Let me go no further before I say a big THANK YOU to our partner — the U.S. Department of Health and Human Services (HHS) — for its help in providing up-to-date information. Its We Can Do This campaign is a national initiative to provide public health messaging so that the public, that’s you, can make informed decisions.
In December 2020, the Food and Drug Administration (FDA) authorized a COVID vaccine for children ages 16 – 17. In May 2021, the FDA authorized it for children ages 12 – 15, followed by an authorization for children ages 5 – 11 in November 2021.
Almost eight million Americans under the age of 18 have tested positive for COVID. Since August 1, one in five new COVID cases has been in kids.
Hospitalization rates for children with COVID have reached record highs. Although it’s rare for kids to get severely ill from COVID, it can happen. It actually is more likely for them to spread the virus to other people who are at a greater risk.
COVID is a greater threat to your child than any potential risk from side effects of the vaccine. There is zero way to know/predict exactly how COVID will affect your child, but clinical trails showed vaccines to be highly effective at protecting them from severe illness, hospitalization, and death from COVID. Millions of people have safely received COVID vaccines under the most rigorous safety monitoring in the U.S. history.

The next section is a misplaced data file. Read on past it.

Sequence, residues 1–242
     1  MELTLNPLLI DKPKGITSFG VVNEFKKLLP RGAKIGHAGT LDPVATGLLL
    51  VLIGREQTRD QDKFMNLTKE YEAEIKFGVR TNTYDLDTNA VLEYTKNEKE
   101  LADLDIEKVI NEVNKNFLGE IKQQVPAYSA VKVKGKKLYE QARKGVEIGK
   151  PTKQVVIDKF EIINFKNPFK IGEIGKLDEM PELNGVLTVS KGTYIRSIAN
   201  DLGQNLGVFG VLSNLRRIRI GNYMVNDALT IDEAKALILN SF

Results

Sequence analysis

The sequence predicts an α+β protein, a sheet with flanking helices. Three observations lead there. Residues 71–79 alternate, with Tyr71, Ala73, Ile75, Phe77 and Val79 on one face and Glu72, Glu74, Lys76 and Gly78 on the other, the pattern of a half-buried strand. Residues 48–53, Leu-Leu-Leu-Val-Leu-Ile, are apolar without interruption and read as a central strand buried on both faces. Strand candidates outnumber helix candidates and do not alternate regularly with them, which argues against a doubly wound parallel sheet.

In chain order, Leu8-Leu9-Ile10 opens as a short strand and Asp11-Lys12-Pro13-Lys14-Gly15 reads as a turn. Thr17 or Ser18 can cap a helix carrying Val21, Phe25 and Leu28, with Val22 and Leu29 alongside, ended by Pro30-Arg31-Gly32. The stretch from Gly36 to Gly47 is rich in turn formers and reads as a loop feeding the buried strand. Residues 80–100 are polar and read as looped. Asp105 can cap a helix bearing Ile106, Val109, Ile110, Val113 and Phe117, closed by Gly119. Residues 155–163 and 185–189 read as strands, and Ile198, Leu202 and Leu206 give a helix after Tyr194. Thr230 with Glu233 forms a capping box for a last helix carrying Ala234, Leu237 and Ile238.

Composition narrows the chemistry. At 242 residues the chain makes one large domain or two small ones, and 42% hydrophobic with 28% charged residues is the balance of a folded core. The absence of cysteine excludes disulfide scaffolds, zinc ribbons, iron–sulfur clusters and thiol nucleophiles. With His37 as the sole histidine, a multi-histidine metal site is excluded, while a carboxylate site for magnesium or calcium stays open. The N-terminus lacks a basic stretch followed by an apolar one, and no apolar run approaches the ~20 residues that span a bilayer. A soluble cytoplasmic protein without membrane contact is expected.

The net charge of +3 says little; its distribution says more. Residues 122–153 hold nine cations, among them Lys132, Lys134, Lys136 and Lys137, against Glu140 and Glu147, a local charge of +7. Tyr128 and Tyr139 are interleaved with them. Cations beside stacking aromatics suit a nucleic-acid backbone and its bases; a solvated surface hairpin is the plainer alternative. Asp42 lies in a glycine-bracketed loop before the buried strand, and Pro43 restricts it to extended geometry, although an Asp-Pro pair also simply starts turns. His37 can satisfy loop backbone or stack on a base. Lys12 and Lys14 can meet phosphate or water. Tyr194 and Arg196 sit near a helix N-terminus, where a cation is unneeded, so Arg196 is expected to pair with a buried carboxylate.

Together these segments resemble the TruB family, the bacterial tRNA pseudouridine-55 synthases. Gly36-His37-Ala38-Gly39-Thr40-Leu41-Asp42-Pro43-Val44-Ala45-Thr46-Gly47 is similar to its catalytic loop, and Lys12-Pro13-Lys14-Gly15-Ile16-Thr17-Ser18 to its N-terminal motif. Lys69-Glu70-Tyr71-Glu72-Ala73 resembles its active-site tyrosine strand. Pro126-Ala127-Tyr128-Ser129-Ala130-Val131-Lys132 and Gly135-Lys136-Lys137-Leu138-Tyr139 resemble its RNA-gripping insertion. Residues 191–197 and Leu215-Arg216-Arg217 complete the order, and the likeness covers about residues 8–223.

Everyone in the U.S. ages five or older is now eligible to get vaccinated. Children ages five an older can get the same safe, effective protection from COVID-19 that hundreds of millions of American adults have received. The doses given to children under the ages 5 – 11 are smaller doses, specially tailored for younger children. Adolescents ages 12 years and older receive the same dosage of the COVID vaccine as the adults.
In clinical trials, children had the same kinds of temporary immune responses from the COVID-19 vaccine that adults had, such as pain at the injection site, tiredness, or headache.
None of the authorized and recommended COVID-19 vaccines contain the live virus that causes COVID. The means that a COVID-19 vaccine cannot give your child COVID. Also, COVID vaccines do not change or interact with your child’s DNA in any way.
Here is where our family has landed: All four of us are fully vaccinated because we want to give our bodies their best chances to fight COVID should we become infected. We also do not want to spread the virus to others . . . or have to miss school days and work days because of an infection. If one of us goes down with COVID, that means our area hospitals are short one very good infectious disease doctor until quarantine is over.
If you choose to make the same choice for your kiddos, getting vaccinated has never been easier or more convenient. Everyone in the United States ages five or older is eligible. Vaccines are free regardless of health insurance or immigration status.
Talk with your pediatrician and/or research for yourself at cdc.gov/coronavirus for more information and to get your specific questions answered.
To find a vaccination site closest to you:
- Visit vaccines.gov
- Text your ZIP code to 438829 (GETVAX)
- Call 1-800-232-0233